BlackBerry has announced that it will stop designing and making its own smartphones, having already taken its first steps in that direction with the recent launch of its DTEK50 handset. The DTEK50 is the company’s second Android handset, but unlike the first – the Priv flagship that it released last year – the new device is simply a lightly-reworked and rebadged variant of another device, the Alcatel Idol 4.
BlackBerry isn’t exiting the smartphone market, but its approach with the DTEK50 is now the model for its future handset launches. As the company published the financial results for the second quarter of its 2017 fiscal year, its CEO, John Chen, highlighted BlackBerry’s “pivot to software” as its focus for the future, explaining:
In Q2, we more than doubled our software revenue year over year and delivered the highest gross margin in the company’s history.
Our new Mobility Solutions strategy is showing signs of momentum, including our first major device software licensing agreement with a telecom joint venture in Indonesia. Under this strategy, we are focusing on software development, including security and applications. The company plans to end all internal hardware development and will outsource that function to partners. This allows us to reduce capital requirements and enhance return on invested capital
The outsourcing of all BlackBerry phone development to third parties signals the end of an era for the company. Under its previous identity, RIM, its keyboard-equipped handsets were once phenomenally popular, but the company failed to keep up with the pace of change in the industry. After launching its in-house BlackBerry 10 operating system, it eventually signalled a switch to Android instead, but with its global market share having crumbled to just 0.1% last quarter, it seems the cost of maintaining its own smartphone business has simply become too high to justify.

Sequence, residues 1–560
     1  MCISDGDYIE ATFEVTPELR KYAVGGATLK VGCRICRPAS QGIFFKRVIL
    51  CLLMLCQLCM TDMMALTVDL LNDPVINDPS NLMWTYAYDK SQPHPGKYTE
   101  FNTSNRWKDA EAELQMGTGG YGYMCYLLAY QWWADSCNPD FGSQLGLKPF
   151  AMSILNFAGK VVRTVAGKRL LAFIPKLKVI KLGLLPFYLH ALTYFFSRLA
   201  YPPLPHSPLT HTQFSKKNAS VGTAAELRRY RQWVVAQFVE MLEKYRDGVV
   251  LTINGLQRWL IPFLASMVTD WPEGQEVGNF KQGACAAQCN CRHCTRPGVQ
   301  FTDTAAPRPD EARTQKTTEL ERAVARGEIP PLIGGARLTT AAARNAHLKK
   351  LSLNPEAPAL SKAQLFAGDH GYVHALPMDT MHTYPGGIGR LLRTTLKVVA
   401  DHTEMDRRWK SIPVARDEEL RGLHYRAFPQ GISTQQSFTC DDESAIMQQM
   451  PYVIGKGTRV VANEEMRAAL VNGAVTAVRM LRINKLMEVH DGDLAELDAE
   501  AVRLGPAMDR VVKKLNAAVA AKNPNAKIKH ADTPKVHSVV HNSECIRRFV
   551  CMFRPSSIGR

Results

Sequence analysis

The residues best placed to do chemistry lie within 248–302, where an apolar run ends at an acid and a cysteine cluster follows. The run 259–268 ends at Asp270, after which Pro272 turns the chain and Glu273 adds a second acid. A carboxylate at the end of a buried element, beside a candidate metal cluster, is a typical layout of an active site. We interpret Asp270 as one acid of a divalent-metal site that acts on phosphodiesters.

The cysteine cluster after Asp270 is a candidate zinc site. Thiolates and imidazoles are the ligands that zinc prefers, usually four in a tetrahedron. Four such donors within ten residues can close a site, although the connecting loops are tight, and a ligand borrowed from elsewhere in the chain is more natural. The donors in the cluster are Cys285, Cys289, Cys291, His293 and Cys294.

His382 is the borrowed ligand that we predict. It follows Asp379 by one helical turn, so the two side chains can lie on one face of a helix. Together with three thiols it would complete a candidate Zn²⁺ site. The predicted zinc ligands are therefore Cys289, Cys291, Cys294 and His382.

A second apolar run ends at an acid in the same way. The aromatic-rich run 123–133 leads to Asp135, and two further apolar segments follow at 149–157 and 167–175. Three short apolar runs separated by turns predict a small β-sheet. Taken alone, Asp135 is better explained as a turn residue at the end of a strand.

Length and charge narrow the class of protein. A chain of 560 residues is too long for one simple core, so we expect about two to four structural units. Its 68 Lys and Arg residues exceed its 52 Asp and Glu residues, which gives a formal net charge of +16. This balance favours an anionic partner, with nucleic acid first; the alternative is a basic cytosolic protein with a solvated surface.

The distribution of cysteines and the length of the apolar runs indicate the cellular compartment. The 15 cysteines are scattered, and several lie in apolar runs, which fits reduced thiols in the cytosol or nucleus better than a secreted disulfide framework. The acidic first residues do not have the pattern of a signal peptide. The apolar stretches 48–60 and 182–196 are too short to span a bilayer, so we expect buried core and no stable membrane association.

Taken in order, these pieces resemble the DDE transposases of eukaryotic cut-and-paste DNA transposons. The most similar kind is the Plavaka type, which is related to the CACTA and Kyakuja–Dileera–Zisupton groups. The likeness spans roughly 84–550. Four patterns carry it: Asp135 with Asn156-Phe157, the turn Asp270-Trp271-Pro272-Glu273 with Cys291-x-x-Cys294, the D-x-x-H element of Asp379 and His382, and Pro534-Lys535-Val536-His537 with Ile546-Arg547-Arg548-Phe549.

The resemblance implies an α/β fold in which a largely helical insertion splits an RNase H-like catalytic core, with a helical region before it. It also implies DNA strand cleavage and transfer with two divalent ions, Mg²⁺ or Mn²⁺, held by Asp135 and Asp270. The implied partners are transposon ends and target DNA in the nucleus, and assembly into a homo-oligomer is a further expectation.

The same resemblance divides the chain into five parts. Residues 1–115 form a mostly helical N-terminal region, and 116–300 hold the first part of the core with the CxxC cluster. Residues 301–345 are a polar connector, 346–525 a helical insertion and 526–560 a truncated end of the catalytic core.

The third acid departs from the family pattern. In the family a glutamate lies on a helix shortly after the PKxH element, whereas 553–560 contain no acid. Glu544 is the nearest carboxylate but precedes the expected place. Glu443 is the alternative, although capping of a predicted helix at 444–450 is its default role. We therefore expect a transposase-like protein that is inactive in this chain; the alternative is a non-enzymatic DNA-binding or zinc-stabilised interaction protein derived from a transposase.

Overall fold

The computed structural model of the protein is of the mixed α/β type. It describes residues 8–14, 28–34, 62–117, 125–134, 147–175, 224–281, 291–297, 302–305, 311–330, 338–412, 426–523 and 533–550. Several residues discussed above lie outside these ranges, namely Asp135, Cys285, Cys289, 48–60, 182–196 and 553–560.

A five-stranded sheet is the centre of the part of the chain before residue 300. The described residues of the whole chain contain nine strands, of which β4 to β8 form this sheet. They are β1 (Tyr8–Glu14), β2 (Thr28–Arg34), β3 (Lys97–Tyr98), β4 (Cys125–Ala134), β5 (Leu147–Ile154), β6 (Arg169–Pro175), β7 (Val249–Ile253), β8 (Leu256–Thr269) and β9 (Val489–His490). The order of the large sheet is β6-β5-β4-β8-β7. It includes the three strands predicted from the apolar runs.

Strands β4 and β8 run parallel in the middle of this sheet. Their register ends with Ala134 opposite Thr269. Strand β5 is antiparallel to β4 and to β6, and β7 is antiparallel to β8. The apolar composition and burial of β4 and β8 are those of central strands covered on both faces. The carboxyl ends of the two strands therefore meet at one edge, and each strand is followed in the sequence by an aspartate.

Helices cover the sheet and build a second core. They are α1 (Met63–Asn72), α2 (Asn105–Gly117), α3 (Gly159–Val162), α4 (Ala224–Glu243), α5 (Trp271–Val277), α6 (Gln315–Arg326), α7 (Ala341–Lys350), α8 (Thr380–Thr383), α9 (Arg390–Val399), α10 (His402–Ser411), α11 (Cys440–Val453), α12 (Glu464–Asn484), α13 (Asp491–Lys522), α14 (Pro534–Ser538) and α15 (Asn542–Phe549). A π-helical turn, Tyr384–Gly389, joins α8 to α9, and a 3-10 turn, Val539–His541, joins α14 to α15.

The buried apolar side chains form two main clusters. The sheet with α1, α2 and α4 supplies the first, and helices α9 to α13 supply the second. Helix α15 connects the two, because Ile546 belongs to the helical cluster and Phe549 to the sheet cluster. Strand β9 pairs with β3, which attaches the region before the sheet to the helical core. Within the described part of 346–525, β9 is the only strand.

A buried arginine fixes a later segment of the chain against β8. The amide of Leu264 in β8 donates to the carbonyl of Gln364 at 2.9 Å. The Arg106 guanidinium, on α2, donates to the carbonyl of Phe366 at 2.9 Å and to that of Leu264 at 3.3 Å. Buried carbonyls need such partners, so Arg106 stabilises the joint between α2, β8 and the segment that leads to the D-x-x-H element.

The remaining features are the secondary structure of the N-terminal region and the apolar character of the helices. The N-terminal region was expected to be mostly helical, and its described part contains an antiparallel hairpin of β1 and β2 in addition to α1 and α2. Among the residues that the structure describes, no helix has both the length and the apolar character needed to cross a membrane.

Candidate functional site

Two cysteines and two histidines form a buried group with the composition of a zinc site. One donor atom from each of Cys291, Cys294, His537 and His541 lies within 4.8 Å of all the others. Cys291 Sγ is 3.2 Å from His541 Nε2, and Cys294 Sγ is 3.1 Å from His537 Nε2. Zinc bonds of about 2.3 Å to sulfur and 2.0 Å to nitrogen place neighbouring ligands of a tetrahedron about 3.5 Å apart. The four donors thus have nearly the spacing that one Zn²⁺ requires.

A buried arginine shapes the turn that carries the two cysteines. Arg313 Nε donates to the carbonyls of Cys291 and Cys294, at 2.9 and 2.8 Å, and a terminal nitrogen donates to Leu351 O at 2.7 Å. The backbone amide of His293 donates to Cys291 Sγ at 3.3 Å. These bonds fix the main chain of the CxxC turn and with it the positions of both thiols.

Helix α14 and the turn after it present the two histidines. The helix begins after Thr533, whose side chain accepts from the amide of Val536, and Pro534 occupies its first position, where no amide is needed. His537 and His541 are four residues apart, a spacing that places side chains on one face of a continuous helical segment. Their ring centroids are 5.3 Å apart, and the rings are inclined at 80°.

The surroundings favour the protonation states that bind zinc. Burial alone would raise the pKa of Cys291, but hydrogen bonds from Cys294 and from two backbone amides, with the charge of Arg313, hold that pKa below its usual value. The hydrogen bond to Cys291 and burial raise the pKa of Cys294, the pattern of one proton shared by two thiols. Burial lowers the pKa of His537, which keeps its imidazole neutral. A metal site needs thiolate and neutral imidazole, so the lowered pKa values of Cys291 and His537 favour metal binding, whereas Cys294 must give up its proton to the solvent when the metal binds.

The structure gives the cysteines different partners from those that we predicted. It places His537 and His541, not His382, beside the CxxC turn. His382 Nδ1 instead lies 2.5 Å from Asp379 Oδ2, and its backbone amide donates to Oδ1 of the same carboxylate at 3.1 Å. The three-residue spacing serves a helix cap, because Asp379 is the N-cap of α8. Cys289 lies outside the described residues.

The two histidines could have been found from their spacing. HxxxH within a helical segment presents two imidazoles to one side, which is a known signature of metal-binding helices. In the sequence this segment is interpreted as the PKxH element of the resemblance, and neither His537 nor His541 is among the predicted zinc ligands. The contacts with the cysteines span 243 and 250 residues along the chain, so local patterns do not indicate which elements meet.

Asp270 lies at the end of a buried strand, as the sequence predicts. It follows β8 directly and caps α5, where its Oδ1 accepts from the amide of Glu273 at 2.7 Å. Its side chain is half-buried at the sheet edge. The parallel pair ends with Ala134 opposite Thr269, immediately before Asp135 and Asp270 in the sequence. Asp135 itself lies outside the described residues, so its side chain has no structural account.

BlackBerry’s smartphone future now lies in devices built by other manufacturers, running the company’s “secure Android smartphone software”, sold under the BlackBerry brand. The DTEK60 is expected to be the next such device – another badge-engineered Alcatel handset – but BlackBerry also announced a new deal in Indonesia today.
Referring to it as a “device software licensing agreement”, the company announced that PT BB Merah Putih will “license BlackBerry software and services for the production of handsets for the Indonesian market”. The local company “will source, distribute and promote Blackberry-branded devices” which it says “will have full access to the BlackBerry experience”.
Chen said that “BlackBerry is no longer just about the smartphone, but the smart in the phone.”
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